Russian forces have stalled in several parts of Ukraine, senior US defense official says

US President Joe Biden’s 2023 budget proposal includes increased funding for security – both domestically and internationally – and reduces the deficit, the White House said Monday morning, but officials admit inflation could continue to cause problems for the overall economy.

As Russia’s invasion of Ukraine continues, the proposed budget includes $6.9 billion for the European Deterrence Initiative and the North Atlantic Treaty Organization (NATO) and “countering Russian aggression to support Ukraine.”

Biden is set to speak about his budget proposal later on Monday.

Shalanda Young, director of the Office of Management and Budget, said during what “will be a decisive decade for the world,” the proposal makes “one of the largest investments in national security in US history, strengthening our military and leveraging our renewed strength at home to meet pressing global challenges.”

In order to make investments and reduce the deficit, the budget calls for a new “minimum tax on billionaires” – which includes more than just billionaires, and applies to anyone worth more than $100 million – that would ensure the wealthiest 0.01% of households pay at least “20 percent of their total income in federal income taxes.” It also increases the rate corporations pay on profits and contains “contains additional measures to ensure that multinationals operating in the United States cannot use tax havens to undercut the global minimum tax,” the White House said.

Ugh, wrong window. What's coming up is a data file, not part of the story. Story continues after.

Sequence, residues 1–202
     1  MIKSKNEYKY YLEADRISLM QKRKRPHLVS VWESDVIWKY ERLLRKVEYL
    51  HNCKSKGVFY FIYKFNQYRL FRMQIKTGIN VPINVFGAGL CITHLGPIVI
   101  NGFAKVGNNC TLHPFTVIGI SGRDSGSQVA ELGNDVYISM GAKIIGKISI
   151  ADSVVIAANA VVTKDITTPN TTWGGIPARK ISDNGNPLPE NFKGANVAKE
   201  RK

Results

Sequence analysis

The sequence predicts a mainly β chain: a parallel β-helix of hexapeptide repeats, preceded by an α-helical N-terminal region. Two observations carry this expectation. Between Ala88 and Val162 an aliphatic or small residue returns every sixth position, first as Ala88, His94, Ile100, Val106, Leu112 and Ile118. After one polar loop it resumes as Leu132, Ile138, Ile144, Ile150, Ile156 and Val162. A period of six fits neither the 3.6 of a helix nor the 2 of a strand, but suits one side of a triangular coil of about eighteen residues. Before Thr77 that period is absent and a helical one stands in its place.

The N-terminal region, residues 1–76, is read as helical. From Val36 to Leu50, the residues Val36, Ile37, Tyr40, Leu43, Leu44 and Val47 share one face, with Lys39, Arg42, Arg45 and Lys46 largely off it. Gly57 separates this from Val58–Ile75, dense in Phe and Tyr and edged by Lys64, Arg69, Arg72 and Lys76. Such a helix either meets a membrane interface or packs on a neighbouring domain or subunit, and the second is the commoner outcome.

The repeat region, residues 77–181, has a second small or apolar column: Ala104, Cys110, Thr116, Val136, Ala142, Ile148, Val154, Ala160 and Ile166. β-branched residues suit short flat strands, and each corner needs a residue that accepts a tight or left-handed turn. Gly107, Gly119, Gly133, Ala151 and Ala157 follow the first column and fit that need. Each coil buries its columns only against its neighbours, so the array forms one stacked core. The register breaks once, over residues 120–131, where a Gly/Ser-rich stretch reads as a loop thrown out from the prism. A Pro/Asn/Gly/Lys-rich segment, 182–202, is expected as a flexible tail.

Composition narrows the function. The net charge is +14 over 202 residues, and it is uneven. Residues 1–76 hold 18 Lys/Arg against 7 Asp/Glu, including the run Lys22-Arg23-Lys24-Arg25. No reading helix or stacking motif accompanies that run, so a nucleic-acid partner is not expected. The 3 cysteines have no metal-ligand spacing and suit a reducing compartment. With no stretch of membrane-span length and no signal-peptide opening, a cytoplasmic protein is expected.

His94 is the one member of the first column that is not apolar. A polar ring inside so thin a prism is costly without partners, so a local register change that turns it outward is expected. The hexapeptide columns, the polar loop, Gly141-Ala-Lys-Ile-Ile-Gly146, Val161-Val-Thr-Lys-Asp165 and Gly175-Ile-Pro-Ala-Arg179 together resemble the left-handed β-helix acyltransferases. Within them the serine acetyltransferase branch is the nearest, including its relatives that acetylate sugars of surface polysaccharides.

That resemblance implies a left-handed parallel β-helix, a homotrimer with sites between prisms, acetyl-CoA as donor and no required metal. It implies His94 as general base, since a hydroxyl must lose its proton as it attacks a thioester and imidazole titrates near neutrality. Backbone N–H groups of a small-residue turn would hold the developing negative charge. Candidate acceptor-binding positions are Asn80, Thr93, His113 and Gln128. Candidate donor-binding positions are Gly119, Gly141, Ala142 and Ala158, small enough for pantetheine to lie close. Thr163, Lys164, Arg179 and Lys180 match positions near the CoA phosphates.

Cecilia Rouse, chair of the Council of Economic Advisers, told reporters that Biden policies would decrease the expected deficit in the current fiscal year of 2022 to “$1.3 trillion smaller than it was in fiscal year ’21, and we believe the policies in this budget will further reduce the deficit by another trillion over the next decade.” But much of that deficit reduction comes from temporary programs in the American Rescue Plan expiring.

“Stepping back, what this budget shows is that we can grow the economy from the bottom up and middle out and invest in the American people, and that we can do it in a smart fiscally responsible way,” Young, the OMB director, told reporters in a call on Monday morning.

Officials say the estimates on inflation reflected in the budget were set in November – before Russian President Vladimir Putin’s invasion of Ukraine, which has strained the economy and increased prices across the board.

“The invasion will likely put upward pressure on energy and food prices that in turn could reinforce inflation that was already an issue prior to the invasion due to the pandemic supply chain constraints and as far demand for goods,” said Rouse, Biden’s top economist. “The economics forecast … if we were updating today, we would look at it somewhat differently.”

In a statement, Biden said the budget “includes historic deficit reduction, historic investments in our security at home and abroad, and an unprecedented commitment to building an economy where everyone has a chance to succeed.” He also touted the deficit reduction as a “the direct result of my Administration’s strategy to get the pandemic under control and grow the economy from the bottom up and the middle out.”

Read more about the budget here.


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